Nose picking was always disgusting, but a new study suggests that it may cause Alzheimer’s with late onset.

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It’s possible that nose picking is more than just a bad manners.
According to an Australian study, there may be a connection between nose picking and the beginning of late-stage Alzheimer’s disease.

The research was published in the journal Scientific Reports under the headline “Chlamydia pneumoniae can infect the central nervous system via the olfactory and trigeminal neurons and contributes to Alzheimer’s disease risk.”

It looked at how easily bacteria could enter mice’s brains through their noses.

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The study notes that although Chlamydia pneumoniae is a respiratory tract pathogen, it may also infect the central nervous system (CNS), and that a link between a C. pneumoniae infection in the CNS and the onset of late-onset dementia is “increasingly clear.”

According to the study, mice’s noses and brains were in contact with the germs.

As one of the study’s co-authors stated in a news release issued on October 28, 2022, “We’re the first to show that Chlamydia pneumoniae can move directly up the nose and into the brain where it can trigger off diseases that look like Alzheimer’s disease.”

We observed this in a mouse model, and the evidence may be alarming to humans as well.
Increased peripheral nerve and olfactory bulb infection was seen in mice with wounded and C. pneumoniae-infected noses.
St. John is the director of Griffith University’s Clem Jones Centre for Neurobiology and Stem Cell Research in South East Queensland, Australia.
Researchers stated, “In mice, CNS infection has been found to occur weeks to months after intranasal inoculation.”

But in this study, the researchers demonstrated that the mice’s olfactory bulb, brain, facial nerves, and nose were all infected three days after exposure to the bacteria.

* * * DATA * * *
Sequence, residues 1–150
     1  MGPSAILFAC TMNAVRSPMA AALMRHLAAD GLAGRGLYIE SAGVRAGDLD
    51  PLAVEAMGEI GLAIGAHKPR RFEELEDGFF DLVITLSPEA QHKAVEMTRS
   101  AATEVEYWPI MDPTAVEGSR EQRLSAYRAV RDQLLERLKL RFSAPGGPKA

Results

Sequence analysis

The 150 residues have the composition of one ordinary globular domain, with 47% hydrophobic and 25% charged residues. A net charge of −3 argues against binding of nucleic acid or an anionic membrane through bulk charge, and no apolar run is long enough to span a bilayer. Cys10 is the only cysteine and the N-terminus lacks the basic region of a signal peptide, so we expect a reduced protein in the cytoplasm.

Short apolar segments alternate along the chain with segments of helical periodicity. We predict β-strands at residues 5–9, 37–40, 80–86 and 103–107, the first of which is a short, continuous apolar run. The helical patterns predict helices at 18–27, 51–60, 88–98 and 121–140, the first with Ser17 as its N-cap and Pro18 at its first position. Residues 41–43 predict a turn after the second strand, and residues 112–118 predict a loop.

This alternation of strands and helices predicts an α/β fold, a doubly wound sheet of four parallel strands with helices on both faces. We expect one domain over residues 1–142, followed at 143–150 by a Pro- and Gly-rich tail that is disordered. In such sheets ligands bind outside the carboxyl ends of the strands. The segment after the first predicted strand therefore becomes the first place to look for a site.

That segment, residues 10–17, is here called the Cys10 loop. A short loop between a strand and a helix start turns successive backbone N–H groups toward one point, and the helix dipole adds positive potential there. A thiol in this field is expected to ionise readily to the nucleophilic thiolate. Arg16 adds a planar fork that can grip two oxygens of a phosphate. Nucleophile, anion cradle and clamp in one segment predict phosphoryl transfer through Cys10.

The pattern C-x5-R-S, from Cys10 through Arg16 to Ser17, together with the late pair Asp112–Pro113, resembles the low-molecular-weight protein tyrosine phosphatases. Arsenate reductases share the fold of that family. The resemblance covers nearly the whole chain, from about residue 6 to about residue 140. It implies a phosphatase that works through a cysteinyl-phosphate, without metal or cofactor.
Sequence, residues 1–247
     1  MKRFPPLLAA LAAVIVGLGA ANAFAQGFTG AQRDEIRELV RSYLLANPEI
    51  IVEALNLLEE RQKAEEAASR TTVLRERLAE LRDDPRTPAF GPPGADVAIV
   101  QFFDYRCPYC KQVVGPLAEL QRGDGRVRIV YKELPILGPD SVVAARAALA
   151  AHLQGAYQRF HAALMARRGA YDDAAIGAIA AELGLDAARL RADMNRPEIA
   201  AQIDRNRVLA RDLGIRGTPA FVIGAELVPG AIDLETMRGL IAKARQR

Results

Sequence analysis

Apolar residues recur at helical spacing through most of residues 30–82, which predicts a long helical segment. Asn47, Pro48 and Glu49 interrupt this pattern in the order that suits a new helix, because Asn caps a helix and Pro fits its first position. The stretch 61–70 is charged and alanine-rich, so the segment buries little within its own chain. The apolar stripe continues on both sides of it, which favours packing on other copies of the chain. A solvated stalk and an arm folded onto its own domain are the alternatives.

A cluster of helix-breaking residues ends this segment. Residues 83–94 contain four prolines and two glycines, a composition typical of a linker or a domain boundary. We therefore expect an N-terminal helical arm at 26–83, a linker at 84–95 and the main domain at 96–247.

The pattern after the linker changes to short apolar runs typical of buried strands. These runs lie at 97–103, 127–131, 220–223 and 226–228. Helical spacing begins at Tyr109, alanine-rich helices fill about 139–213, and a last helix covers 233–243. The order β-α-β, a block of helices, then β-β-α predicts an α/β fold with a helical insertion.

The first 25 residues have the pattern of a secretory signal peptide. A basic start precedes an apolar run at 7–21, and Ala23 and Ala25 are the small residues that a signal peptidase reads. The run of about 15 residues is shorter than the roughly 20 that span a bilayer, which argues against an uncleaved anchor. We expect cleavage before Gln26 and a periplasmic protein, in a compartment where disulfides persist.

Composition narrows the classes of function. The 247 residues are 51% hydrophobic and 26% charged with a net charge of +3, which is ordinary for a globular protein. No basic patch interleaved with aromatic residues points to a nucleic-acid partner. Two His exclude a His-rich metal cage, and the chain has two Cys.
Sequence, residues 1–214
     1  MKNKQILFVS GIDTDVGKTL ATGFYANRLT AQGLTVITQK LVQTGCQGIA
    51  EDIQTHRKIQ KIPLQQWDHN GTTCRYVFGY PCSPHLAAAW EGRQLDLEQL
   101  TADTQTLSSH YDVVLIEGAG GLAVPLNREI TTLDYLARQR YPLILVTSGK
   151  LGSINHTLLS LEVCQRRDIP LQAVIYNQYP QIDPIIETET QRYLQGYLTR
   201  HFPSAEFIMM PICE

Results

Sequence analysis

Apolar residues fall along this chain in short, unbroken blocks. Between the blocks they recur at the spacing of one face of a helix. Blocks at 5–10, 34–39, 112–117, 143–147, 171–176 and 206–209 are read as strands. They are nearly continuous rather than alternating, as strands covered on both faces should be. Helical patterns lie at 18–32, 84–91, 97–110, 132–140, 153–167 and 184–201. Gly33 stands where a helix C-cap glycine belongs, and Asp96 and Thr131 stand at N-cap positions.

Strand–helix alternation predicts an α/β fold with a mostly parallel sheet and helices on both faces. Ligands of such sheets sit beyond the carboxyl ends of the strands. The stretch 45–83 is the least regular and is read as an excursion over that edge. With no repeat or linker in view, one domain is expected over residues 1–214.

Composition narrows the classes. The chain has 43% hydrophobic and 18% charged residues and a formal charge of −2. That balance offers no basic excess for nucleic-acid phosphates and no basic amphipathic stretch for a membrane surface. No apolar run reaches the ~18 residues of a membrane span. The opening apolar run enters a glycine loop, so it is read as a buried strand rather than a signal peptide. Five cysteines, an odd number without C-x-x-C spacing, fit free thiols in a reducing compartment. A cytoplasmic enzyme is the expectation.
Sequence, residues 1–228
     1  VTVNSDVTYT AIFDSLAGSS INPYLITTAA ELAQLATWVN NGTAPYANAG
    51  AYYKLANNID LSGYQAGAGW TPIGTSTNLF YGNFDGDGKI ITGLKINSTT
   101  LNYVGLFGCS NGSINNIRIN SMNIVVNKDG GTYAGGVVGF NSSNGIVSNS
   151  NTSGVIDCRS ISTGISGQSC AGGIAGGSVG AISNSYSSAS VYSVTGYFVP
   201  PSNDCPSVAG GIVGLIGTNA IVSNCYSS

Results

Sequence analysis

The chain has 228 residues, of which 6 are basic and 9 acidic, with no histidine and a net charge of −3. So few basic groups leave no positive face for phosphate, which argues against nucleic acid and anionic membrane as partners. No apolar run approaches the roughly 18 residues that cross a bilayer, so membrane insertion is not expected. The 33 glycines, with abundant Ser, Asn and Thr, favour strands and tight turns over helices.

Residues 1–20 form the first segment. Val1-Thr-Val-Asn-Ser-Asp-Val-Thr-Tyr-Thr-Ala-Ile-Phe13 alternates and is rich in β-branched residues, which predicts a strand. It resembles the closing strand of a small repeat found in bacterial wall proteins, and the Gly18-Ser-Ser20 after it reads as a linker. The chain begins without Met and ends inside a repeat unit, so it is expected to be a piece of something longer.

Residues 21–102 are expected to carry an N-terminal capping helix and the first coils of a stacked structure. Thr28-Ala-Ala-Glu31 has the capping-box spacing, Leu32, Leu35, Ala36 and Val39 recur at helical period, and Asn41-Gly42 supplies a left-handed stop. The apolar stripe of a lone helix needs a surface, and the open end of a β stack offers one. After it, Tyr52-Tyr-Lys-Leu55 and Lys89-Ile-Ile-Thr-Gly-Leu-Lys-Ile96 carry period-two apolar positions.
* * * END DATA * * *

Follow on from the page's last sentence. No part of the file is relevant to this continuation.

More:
The study noted that between 7 and 28 days after vaccination, “C. pneumoniae infection led in dysregulation of critical pathways involved in Alzheimer’s disease development.”

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The study will be replicated with human participants in order to see if human noses are equivalent entry points for bacterial infection, according to St John.

In the press release, he stated, “We need to conduct this work in humans and validate whether the same pathway functions in the same way.”
It’s unfinished study that has been proposed by a lot of people.
We do know that these germs exist in humans, but we don’t know how they got there, St John continued.

A NEW STUDY SHOWED DEMENTIA SIGNS COULD BE DETECTED NEARLY A DECADE PRIOR TO DIAGNOSIS.

According to the Centers for Disease Control (CDC), Alzheimer’s is the seventh top cause of mortality for people in the United States and the fifth major cause of death for adults over 65.

According to the CDC, Alzheimer’s disease affects about 6.5 million people in the United States, making it the most widespread kind of dementia in senior citizens.

According to the CDC, there is no known cause of Alzheimer’s disease.

St. John is encouraging people not to pick their noses or pluck their nose hairs in the interim because doing so could harm the interior of the nose and raise the risk of infection of any kind.

In the press release, he stated, “We don’t want to harm the inside of our nose, and picking and plucking can accomplish that.”

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